Weber: Stabilizing Prices for a New NIEO


Isabella Weber, Associate Professor of Economics at the University of Massachusetts Amherst, proposes a buffer stock system for price stabilization to the NIEO 50th Anniversary Congress in Havana.

We are living in a world of overlapping emergencies: climate change, the disintegration of the global order and the likelihood of renewed pandemics all imply that the recent years of major global shocks might well have been a test run for what is to come in the next years. 

The recent inflation bout has been set off by shocks to essentials like food, fuel, semiconductors and shipping that have sent prices and profits in these sectors spiking. These cost shocks have been propagated across economies in what we have called sellers’ inflation: most firms protected or even increased their margins by hiking prices. As a result, inflation and global emergencies have been the best of times for the magnates of the corporate sector and those owning their shares. 

Of course, shocks to essentials, inflation and perpetual emergencies are nothing new for many countries of the global South. When we talk about the “return of inflation after decades” in rich countries, we are really talking about our own domestic economies. When we are worried about food and energy price inflation in countries like the US and Germany, the global food and energy price shocks have meant a shooting up of hunger and energy poverty, a terms of trade shock and a deterioration of the exchange rate in many countries of the global South. When the US, and in its wake, Europe respond to inflation by hiking interest rates they aim to prevent wage catch up domestically but what most Global North commentators do not even bother to mention is that they exacerbate the debt crises, cause massive capital outflows and often trigger even more severe interest rate hikes in the South. This is why in my humble view, the struggle over how to fight inflation in rich countries is not just about the income of the working classes of the North and domestic macroeconomic outcomes but crucially also about the development prospects of the majority of countries and people. Those who now laude the US’s wonderful macroeconomic performance in managing inflation erase the experience of the majority of the people on the planet from their assessment. 

Neoliberalism became hegemonic first as a new stabilization regime. Post-neoliberalism will require an alternative approach to stabilization as I am arguing in my forthcoming book “Essential”. All the laudable talk about green industrial policy in rich countries will not be worth much, if every inflation bout unleashed by shocks to essentials triggers massive interest rate hikes that undermine the ability of most countries to engage in climate mitigation and adaptation while pushing down investments even in rich countries that benefit from capital inflows. And these shocks to essentials are coming in our age of overlapping emergencies - even if we do not know precisely when, where, and how. There can be little doubt more mega shocks are on the way.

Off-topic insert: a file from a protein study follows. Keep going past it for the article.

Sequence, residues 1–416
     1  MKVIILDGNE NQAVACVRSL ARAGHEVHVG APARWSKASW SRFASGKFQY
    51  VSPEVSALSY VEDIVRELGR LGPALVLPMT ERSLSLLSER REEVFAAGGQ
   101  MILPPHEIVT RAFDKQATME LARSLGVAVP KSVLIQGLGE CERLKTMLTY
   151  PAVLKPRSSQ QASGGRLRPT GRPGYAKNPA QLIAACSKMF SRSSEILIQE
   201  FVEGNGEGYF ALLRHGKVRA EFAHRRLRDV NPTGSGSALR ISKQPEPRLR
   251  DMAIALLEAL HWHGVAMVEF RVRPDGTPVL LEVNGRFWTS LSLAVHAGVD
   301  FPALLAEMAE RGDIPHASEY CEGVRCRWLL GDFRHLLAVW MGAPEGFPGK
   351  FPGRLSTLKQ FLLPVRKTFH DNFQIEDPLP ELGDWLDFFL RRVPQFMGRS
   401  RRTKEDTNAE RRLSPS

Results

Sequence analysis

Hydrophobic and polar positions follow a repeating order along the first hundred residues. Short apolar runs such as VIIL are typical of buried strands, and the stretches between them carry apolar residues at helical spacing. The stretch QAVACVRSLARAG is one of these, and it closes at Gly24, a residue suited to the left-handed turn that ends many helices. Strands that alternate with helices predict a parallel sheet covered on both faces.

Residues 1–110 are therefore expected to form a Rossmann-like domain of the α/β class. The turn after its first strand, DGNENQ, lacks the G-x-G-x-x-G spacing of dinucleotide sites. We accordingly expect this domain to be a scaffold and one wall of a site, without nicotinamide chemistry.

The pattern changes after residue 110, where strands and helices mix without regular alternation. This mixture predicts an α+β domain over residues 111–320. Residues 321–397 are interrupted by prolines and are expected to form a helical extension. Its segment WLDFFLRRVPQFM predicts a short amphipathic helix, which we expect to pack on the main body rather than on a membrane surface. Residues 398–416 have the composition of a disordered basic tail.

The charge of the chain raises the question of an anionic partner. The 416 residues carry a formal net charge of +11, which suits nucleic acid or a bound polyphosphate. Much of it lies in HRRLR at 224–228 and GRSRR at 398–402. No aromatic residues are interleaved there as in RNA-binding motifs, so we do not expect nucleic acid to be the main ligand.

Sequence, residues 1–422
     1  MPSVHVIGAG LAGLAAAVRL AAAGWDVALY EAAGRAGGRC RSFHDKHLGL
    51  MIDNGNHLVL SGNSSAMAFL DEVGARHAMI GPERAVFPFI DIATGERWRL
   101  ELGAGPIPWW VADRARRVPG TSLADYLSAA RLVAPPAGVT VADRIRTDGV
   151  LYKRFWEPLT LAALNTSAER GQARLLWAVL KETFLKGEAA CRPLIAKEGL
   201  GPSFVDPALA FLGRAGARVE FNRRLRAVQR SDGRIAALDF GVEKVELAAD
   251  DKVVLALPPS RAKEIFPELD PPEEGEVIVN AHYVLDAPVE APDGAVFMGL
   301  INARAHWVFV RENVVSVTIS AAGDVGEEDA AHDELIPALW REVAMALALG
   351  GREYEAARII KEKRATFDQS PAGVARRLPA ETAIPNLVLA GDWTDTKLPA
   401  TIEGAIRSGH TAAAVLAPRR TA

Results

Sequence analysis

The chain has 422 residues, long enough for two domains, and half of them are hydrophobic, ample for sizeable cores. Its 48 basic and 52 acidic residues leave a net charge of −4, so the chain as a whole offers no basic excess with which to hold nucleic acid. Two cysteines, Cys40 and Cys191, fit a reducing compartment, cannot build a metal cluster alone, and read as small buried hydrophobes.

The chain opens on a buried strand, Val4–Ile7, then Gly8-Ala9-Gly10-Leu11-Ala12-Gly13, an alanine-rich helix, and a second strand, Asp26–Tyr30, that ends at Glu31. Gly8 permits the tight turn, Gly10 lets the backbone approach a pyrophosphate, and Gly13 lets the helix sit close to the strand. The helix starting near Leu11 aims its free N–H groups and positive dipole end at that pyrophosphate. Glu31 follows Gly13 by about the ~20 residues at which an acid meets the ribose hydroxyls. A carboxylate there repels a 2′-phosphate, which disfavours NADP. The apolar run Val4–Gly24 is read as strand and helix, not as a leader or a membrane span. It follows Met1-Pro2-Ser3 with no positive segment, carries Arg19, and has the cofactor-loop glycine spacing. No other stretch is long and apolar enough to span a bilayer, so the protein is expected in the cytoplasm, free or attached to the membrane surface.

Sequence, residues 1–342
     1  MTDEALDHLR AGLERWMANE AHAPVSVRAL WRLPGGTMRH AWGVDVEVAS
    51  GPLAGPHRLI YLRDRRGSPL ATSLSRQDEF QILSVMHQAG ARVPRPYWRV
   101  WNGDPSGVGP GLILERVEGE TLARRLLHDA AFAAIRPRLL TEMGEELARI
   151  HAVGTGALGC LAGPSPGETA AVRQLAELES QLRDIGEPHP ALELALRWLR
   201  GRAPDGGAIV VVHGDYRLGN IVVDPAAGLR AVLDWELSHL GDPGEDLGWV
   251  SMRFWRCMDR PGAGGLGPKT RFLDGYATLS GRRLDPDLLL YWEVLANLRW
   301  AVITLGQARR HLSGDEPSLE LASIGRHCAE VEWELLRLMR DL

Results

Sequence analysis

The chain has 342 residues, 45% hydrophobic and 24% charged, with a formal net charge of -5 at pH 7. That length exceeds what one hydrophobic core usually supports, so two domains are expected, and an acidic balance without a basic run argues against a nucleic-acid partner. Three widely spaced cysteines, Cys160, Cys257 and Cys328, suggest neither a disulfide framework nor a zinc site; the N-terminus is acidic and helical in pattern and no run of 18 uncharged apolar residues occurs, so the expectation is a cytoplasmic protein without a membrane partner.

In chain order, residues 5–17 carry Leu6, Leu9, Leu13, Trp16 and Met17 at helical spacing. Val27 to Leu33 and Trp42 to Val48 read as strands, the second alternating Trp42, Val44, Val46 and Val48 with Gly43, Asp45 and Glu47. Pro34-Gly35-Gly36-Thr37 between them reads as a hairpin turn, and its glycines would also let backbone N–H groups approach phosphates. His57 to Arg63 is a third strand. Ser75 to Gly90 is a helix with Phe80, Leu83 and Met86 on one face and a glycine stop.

As we trace in a forthcoming paper that I am happy to share upon request, one of the core demands for a NIEO in the 1970s was the creation of international buffer stocks to stabilize the prices of essential commodities – that is commodities that are essential that the incomes of whole nations depend on, commodities that are essential for human livelihoods, and commodities that are essential for production. The case for such buffer stocks was rooted in a long history of an alternative stabilization paradigm going back to ancient Chinese statecraft, mobilized during the US New Deal, advocated in the Bretton Woods negotiations by Keynes and pushed to the forefront of the international agenda by structuralism and leaders of the Global South in the 60s and 70s. While countries of the Global North had benefitted from low commodity prices in the post-war era and had shown limited appetite for price stabilization at the international level, this situation changed with the early 1970s. Grain prices and then, thanks to OPECs oil embargo, energy prices spiked, contributing to inflation in the North. The credible threat of future commodity price spikes and of the formation of commodity-exporter cartels gave countries of the North an incentive to negotiate. 

The buffer stock negotiations were about more than the prices of individual commodities – as important as they are. In a nutshell, this was about an alternative stabilization paradigm rooted in a global win-win case for growth and development. It started from the acknowledgement that commodity prices are inherently unstable – even in the absence of mega shocks. When commodity prices spike, they trigger inflation in industrial goods prices so that the terms of trade gains are not sustained for commodity producers. When commodity prices fall industrial prices do not fall or at least not to the same degree. At the same time if rich countries respond to inflation with interest rate hikes, commodity producers lose out twice. Meanwhile, the working class in the North is crushed and growth declines. This is the playbook of the Volcker Shock advocates of the NIEO sought to prevent with an alternative. Global commodity price stabilization is an alternative to this playbook, it is a crucial precondition both to enable growth and development and prevent inflation. It has the potential of a win-win case. Negotiations over buffer stocks had momentum until the logic of shock therapy won and neoliberalism brought debt crises and falling commodity prices.